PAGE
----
Socialism’s triumph: Oil-rich Venezuela is out of gas

Nicolas Maduro

As the Venezuelan economy continues to circle the drain, perhaps the quintessential symbol of the extraordinary personal incompetence of President Nicolás Maduro and of the thoroughgoing failure of the socialist system he inherited from his predecessor, the late Hugo Chávez, has been the mind-boggling inability of this, one of the top oil-producing nations on earth, to meet its own people’s demand for gasoline. This shortfall has occurred despite the fact that Venezuela has actually been importing fuel – for most of which, according to reports, it has been unable to pay its bills.

Cars lined up for gas at Maturin, Venezuela, on March 23

Over the last few months, despite continual reassurances by Maduro, the supply crisis has only gotten worse. On February 21, Maduro promised “good news soon” because he had installed a “new PDVSA board” that was dedicated to fighting “corruption and unnecessary costs.” On March 22, however, thanks to maintenance issues, production challenges, shipping difficulties, and a shortage of working trucks attributed to a lack of spare parts – in other words, significant problems at pretty much every stage of the oil extraction and distribution process – the situation had deteriorated to a point at which the entire nation was experiencing a critical shortage of petrol. At gas stations across the country, dozens of cars could be seen queued up, their owners hoping in vain to be able to fill their tanks.

Eulogio del Pino

Aside from the magnificently unmasterly Maduro himself, the personification of this embarrassing dilemma is Eulogio del Pino, president of the country’s colossal oil entity, Petróleos de Venezuela (PDVSA), which is the primary engine of the nation’s economic power, such as it is. Or was. In a touch that would seem insane in the policies of any country but that these days seems par for the course for the Bolivarian Republic, just a couple of days ago came the news that Venezuela, despite its domestic oil crunch and its emergency oil-import policy, had not only continued but stepped up fuel exports to Cuba, Nicaragua, and other allies.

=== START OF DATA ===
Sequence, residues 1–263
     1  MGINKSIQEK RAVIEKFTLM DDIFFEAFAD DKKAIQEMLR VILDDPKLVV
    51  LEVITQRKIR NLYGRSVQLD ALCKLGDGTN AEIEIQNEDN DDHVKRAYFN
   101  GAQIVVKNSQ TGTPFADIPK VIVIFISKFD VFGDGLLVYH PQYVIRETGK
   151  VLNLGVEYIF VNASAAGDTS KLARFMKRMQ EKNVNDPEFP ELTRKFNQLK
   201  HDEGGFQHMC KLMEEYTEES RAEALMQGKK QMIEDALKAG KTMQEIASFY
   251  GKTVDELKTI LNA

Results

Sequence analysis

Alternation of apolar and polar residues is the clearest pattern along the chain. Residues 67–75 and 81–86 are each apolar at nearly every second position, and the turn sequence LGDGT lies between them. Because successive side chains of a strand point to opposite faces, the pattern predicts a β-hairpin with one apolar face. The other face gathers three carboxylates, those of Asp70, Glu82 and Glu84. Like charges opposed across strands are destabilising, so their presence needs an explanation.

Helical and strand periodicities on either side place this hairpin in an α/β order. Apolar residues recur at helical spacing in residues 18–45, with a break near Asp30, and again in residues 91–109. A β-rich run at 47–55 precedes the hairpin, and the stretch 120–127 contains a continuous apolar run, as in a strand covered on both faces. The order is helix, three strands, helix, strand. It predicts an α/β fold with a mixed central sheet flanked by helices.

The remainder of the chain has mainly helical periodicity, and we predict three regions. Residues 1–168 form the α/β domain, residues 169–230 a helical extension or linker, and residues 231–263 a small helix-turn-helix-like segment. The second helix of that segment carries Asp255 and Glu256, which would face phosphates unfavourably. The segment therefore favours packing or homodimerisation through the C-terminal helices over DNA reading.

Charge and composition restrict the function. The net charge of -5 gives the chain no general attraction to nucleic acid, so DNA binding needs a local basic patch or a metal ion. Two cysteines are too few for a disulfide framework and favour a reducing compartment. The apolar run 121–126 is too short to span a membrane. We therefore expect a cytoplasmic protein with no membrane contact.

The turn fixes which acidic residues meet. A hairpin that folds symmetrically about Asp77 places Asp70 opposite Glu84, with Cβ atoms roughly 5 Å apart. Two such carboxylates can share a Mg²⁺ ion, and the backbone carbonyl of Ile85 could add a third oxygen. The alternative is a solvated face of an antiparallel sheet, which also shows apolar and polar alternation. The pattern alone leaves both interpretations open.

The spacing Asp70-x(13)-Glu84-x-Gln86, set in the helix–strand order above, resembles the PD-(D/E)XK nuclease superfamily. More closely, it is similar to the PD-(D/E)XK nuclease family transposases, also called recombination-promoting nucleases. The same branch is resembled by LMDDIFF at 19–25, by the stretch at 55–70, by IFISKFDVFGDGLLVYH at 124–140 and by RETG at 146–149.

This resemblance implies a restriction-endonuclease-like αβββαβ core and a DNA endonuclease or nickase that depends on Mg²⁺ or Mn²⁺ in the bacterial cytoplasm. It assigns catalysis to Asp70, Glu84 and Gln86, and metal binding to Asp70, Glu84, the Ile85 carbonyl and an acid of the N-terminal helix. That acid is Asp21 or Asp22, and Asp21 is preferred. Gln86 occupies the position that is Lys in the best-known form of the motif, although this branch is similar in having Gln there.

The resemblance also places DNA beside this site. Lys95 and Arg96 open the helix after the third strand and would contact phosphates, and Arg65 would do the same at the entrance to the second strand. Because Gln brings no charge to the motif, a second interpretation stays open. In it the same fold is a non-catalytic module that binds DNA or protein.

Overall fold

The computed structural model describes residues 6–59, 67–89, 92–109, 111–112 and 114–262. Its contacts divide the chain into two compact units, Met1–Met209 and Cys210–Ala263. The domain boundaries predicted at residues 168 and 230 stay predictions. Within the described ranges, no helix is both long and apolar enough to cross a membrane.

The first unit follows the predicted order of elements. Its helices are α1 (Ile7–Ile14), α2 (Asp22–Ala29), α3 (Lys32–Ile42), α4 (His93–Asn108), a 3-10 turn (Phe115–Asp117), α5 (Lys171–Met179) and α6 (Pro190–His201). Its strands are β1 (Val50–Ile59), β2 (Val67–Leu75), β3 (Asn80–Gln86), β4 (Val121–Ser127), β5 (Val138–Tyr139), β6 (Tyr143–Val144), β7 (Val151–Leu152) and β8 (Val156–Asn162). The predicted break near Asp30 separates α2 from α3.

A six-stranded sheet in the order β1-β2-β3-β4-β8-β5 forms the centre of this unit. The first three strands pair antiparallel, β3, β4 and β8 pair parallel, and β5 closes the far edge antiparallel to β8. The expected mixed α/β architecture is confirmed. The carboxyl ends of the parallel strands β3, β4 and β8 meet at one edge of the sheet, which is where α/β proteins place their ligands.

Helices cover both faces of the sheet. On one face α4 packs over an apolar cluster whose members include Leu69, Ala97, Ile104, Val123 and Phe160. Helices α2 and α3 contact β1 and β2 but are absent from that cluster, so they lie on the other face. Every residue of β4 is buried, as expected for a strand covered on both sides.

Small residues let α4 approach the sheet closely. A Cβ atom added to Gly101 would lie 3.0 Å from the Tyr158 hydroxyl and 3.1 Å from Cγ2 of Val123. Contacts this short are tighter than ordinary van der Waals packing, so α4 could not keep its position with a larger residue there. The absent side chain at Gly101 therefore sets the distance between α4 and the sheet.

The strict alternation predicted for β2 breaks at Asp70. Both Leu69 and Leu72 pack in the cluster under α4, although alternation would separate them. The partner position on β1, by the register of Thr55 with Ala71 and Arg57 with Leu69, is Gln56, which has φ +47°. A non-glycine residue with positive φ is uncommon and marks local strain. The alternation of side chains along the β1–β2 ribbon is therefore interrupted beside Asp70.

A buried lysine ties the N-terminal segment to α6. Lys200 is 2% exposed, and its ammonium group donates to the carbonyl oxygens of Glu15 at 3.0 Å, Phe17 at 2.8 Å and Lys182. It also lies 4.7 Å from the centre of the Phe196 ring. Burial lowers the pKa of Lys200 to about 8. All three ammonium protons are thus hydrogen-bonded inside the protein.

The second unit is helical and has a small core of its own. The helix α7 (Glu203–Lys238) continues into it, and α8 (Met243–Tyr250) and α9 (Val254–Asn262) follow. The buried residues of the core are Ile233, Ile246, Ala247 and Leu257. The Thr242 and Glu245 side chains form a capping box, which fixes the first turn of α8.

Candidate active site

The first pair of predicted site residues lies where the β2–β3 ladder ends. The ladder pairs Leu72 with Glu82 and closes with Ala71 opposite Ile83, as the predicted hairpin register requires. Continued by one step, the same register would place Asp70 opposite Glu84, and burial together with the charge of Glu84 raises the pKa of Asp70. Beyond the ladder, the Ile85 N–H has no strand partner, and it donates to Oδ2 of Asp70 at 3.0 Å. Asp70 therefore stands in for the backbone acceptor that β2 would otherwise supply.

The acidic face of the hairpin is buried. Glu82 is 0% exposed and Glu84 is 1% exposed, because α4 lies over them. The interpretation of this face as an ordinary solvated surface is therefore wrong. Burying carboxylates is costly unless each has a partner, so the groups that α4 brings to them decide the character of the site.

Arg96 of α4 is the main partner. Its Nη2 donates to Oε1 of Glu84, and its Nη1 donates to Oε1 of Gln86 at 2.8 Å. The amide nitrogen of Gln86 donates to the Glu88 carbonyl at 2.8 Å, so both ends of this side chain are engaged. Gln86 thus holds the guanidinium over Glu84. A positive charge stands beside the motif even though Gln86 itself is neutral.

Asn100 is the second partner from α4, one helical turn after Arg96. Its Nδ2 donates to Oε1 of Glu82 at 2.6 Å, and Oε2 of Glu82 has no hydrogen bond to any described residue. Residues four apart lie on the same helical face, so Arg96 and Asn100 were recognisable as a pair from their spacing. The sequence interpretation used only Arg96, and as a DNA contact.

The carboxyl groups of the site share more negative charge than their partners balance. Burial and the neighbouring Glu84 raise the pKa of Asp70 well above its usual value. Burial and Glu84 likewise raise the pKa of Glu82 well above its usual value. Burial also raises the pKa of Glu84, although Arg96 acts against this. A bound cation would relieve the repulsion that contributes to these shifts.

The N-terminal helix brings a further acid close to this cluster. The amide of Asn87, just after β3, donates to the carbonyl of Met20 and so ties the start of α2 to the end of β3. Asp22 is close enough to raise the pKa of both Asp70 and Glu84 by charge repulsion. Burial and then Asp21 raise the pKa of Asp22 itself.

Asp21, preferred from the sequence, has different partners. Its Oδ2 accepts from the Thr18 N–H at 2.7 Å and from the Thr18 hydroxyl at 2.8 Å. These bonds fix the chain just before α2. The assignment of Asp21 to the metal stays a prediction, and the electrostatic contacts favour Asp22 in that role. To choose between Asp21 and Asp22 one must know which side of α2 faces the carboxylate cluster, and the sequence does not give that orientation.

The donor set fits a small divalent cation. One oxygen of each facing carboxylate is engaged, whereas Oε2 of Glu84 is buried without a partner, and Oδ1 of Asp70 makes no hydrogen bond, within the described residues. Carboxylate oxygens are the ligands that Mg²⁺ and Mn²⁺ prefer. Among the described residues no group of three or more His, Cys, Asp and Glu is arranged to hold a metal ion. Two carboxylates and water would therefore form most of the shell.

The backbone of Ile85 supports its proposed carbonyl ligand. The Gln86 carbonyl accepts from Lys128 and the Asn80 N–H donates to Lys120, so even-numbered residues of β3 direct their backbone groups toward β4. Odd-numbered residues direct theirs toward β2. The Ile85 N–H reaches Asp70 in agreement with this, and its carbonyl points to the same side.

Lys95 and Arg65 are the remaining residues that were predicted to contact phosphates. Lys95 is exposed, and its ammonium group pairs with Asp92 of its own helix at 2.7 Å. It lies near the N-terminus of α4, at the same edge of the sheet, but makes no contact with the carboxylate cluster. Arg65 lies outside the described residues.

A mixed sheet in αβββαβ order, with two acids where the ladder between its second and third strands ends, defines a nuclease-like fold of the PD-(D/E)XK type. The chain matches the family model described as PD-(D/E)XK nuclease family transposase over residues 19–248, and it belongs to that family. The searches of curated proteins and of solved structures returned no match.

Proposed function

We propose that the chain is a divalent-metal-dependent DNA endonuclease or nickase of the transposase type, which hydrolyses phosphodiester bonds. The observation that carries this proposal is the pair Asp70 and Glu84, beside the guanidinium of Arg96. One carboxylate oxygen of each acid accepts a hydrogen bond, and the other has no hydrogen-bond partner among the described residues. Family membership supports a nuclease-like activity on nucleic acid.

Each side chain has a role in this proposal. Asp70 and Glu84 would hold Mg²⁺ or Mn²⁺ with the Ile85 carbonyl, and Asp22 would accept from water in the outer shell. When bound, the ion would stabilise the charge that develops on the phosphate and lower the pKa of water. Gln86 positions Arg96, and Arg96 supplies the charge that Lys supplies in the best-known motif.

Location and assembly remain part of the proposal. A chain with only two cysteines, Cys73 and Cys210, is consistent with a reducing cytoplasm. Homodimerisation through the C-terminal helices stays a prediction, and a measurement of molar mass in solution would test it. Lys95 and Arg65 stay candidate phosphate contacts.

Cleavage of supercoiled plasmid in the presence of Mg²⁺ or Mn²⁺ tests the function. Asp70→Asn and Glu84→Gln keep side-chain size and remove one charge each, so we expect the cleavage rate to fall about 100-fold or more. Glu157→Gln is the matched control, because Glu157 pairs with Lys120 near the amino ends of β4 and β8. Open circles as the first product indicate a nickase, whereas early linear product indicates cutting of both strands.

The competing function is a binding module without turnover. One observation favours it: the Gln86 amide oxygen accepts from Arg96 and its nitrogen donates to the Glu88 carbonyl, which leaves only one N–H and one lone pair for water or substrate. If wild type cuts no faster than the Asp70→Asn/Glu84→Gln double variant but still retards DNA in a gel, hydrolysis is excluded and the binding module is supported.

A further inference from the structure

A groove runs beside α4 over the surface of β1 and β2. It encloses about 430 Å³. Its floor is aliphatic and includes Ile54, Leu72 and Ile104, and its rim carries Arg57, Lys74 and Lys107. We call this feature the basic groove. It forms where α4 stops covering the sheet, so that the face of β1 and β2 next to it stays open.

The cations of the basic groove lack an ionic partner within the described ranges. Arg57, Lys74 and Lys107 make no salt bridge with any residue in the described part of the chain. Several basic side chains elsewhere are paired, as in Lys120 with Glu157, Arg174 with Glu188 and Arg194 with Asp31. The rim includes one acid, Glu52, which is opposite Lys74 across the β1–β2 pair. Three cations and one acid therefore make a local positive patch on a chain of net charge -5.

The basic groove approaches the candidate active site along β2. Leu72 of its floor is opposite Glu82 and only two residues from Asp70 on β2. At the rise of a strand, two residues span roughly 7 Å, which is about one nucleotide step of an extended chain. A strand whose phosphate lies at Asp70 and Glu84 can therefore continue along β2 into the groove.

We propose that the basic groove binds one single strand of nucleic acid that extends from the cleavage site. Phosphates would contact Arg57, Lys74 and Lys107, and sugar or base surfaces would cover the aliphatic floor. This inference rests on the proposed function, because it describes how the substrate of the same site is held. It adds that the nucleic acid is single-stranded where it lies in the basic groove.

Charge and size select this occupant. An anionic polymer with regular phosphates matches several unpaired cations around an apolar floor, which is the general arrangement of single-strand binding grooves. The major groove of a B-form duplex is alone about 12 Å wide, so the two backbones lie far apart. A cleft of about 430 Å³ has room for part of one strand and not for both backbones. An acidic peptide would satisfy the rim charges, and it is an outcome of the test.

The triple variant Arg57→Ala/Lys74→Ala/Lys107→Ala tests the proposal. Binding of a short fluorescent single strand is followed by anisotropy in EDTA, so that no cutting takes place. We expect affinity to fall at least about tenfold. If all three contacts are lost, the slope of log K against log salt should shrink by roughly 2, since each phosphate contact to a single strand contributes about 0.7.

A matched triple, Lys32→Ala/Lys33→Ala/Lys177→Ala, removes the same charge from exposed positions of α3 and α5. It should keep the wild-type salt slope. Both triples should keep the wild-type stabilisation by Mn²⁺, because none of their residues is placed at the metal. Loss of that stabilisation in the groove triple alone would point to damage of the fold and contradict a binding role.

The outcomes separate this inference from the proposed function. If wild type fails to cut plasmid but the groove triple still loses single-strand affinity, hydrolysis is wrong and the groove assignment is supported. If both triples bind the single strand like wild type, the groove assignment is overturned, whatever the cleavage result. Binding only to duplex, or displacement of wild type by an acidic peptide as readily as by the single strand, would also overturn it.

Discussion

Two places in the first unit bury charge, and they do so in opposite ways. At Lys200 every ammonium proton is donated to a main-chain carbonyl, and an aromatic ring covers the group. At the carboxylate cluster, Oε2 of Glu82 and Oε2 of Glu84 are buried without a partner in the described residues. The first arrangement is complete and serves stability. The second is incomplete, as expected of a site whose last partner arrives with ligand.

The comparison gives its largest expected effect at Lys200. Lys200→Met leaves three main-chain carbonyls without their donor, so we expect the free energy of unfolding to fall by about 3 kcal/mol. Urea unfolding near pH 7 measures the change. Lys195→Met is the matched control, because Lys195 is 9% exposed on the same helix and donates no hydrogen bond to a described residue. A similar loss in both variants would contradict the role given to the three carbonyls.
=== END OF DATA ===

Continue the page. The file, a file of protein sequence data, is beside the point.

On March 23, a man in Maturin pushes his car after running out of gas

But, as with much else about Venezuela’s current, many-faceted nightmare, the chief culprit here seems to be Maduro himself. Apparently more interested, even now, in shoring up and enhancing his own power than in trying to rescue his nation from catastrophe, he’s dismissed relatively skilled key officials in the PDVSA and replaced them with his political and military cronies, most of whom have little or no background in the oil business – or, for that matter, in the competent management of anything. Other PDVSA executives, recognizing that Maduro’s hirings and firings are only helping to drive the state-owned company even further into the ground, have jumped ship of their own accord, presumably recognizing that at this point, under present governance, the whole massive enterprise is, quite simply, doomed.  

In the midst of all this drama, Del Pino, in what can only be read as a display of the remarkably tone-deaf insouciance that so often characterizes the mindless, mediocre agents of ineffectual and indifferent authoritarian states, visited a fuel distribution plant where, in response to a chorus of irate complaints by laborers about their working conditions and salaries, simply smiled inanely, loftily ignoring their concerns. Somehow, that distant and detached reaction seemed the perfect summing-up of the whole ridiculous tragedy.

The economic Rasputin behind Venezuela’s collapse

alfredo-serrano-mancilla
Alfredo Serrano Mancilla

On this website we’ve covered the ongoing and ever worsening nightmare that is chavismo frequently and from a number of angles. One name we’ve failed to mention so far, however, is that of Alfredo Serrano Mancilla, who was described recently as “the man behind Venezuela’s economic mess” – not exactly the most coveted label of our time. The Venezuelan newspaper El Nacional said that it’s “entirely” thanks to Serrano that the nation “continues to insist on the economic models of socialism in the 21st century, despite the queues, shortages, and inflation.”

diputado-jose-guerra
José Guerra